Pasaquan Re-Opens with Live Music and Tall Tales

COLUMBUS, Ga. --- Columbus State University and philanthropic organization The Kohler Foundation Inc. officially re-opened Pasaquan, St. EOM’s “pre-Columbian psychedelic wonderland” and internationally recognized art environment, to the public Saturday, Oct. 22.

Pasaquan Opening

“Even before Pasaquan officially opened, it had already become a true experiential, interdisciplinary learning center for our students,” said Michael McFalls, director of Pasaquan and professor of art at CSU. “We've had over 95 CSU students from four different academic departments and interns from across the country doing research on the site and in CSU Archives. Pasaquan fits into our academic mission with a commitment to community outreach and a dedication to teaching, learning, scholarship and creative research.”

With a party fit for self-taught artist Eddie Owens Martin, also known as St. EOM, the grand re-opening celebration featured music from Neal Lucas and the Freezer Burn, Blackberry Possum, Jake Xerxes Fussell ad Col. Bruce Hampton.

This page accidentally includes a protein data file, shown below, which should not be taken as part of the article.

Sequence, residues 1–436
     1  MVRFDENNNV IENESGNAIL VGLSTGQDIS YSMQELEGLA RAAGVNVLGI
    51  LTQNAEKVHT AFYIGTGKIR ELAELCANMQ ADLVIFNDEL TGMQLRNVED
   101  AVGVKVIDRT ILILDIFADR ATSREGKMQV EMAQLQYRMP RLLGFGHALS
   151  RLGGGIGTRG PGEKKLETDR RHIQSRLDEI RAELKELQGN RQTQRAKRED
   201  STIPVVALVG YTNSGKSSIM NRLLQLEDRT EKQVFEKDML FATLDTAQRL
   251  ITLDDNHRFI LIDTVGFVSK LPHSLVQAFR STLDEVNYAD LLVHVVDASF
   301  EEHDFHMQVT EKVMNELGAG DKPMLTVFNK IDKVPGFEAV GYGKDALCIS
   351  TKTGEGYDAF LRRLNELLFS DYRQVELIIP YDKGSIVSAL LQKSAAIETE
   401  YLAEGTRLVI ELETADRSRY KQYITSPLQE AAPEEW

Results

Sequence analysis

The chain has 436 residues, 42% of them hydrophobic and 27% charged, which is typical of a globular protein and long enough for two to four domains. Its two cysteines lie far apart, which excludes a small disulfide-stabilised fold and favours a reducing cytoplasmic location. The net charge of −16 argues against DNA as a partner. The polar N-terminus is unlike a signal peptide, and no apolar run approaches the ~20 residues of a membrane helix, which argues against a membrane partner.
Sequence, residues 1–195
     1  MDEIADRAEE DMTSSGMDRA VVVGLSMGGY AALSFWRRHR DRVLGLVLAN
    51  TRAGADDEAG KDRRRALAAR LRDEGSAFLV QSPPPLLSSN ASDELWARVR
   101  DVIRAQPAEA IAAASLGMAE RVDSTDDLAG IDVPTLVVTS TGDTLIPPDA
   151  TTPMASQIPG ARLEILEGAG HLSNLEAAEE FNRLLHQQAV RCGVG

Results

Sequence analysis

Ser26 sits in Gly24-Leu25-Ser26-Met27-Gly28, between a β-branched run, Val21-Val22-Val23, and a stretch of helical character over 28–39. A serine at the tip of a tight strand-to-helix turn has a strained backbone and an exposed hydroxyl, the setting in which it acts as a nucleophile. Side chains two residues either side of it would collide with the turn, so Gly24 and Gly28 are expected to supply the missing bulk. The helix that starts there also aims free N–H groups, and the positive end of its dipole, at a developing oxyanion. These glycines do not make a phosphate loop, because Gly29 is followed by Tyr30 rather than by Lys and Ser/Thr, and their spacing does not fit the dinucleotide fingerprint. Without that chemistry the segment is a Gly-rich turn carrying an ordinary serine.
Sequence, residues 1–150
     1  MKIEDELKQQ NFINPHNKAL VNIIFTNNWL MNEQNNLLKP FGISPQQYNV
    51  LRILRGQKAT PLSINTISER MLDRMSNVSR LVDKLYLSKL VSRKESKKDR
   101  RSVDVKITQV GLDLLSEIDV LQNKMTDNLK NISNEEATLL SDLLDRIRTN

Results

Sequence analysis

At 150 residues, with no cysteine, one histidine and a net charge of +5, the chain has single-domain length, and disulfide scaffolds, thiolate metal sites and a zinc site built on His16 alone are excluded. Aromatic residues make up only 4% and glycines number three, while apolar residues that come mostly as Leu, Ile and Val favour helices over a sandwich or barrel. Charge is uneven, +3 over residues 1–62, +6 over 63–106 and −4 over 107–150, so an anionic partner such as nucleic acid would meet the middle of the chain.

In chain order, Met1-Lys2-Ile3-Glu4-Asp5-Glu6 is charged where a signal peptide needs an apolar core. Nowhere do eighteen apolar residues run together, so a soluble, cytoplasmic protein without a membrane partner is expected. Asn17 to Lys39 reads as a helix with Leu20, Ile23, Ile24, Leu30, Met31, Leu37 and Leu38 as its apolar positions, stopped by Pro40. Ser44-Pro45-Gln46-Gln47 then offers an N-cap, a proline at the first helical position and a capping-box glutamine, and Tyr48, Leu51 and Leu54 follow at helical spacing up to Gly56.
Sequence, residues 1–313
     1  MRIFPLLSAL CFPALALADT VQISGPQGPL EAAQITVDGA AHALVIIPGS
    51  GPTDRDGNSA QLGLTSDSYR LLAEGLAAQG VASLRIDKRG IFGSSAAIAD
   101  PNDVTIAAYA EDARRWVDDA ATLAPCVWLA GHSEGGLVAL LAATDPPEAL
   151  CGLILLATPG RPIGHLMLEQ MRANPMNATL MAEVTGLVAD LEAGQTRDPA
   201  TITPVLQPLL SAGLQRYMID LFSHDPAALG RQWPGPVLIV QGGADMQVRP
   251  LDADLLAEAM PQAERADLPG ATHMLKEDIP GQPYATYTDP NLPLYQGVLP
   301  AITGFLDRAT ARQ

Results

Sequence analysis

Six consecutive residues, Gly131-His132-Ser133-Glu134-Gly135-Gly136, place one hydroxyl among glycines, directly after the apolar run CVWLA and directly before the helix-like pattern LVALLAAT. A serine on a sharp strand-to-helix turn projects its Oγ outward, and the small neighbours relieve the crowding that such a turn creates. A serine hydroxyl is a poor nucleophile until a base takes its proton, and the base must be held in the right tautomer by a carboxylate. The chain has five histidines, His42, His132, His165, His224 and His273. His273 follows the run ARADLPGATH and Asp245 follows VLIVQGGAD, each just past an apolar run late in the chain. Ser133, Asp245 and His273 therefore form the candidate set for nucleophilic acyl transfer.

Artist GLO’s traveling show “from the roof down” made an appearance as did the Technicolor Face Painters. The Cosmic Cosmetologist was on site to create Pasaquan hairdos, and food, including Cosmic Pickles, was served all day long by regional food truck vendors.

Visit pasaquan.com or contact McFalls at McFalls_Michael@ColumbusState.edu to learn more about the whimsical world of Pasaquan.

About Pasaquan
Pasaquan is a 7-acre nationally recognized visionary art environment nestled in the pines of rural Marion County, roughly six miles northwest of Buena Vista, Georgia. The late Eddie Owens Martin, who introduced himself as St. EOM - pronounced Ohm- began creating Pasaquan in 1957 and continued to work on the site for 30 years. The art environment features six major structures, mandala murals and more than 900 feet of painted masonry walls. St. EOM, drew inspiration from many different cultures. Pasaquan fuses African, pre-Columbian and Native American cultural and religious symbols and designs, along with motifs inspired by Edward Churchward’s books about “The Lost Continent of MU.”

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